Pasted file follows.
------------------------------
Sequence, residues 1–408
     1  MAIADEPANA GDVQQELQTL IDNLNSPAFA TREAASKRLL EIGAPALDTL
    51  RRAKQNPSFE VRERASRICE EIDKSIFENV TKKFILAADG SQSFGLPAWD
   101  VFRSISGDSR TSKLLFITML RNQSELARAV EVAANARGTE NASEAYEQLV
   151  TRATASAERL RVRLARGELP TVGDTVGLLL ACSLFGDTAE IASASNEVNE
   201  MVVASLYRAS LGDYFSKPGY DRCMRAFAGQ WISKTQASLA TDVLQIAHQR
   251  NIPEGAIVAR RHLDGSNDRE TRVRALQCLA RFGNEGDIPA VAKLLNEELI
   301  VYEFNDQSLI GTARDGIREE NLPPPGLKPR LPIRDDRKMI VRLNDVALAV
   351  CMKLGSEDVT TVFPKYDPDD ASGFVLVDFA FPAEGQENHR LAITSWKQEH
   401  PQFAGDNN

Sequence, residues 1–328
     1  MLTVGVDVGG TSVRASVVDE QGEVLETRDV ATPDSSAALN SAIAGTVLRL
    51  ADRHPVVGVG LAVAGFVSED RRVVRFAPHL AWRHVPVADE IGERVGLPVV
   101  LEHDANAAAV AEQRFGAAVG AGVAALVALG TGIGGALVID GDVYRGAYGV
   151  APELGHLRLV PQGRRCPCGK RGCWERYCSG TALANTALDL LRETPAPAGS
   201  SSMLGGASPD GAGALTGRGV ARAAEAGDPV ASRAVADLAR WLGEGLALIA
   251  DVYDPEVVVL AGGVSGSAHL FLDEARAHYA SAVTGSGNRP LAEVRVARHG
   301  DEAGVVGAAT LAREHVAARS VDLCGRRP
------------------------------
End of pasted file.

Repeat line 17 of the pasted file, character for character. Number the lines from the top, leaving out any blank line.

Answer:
   251  DVYDPEVVVL AGGVSGSAHL FLDEARAHYA SAVTGSGNRP LAEVRVARHG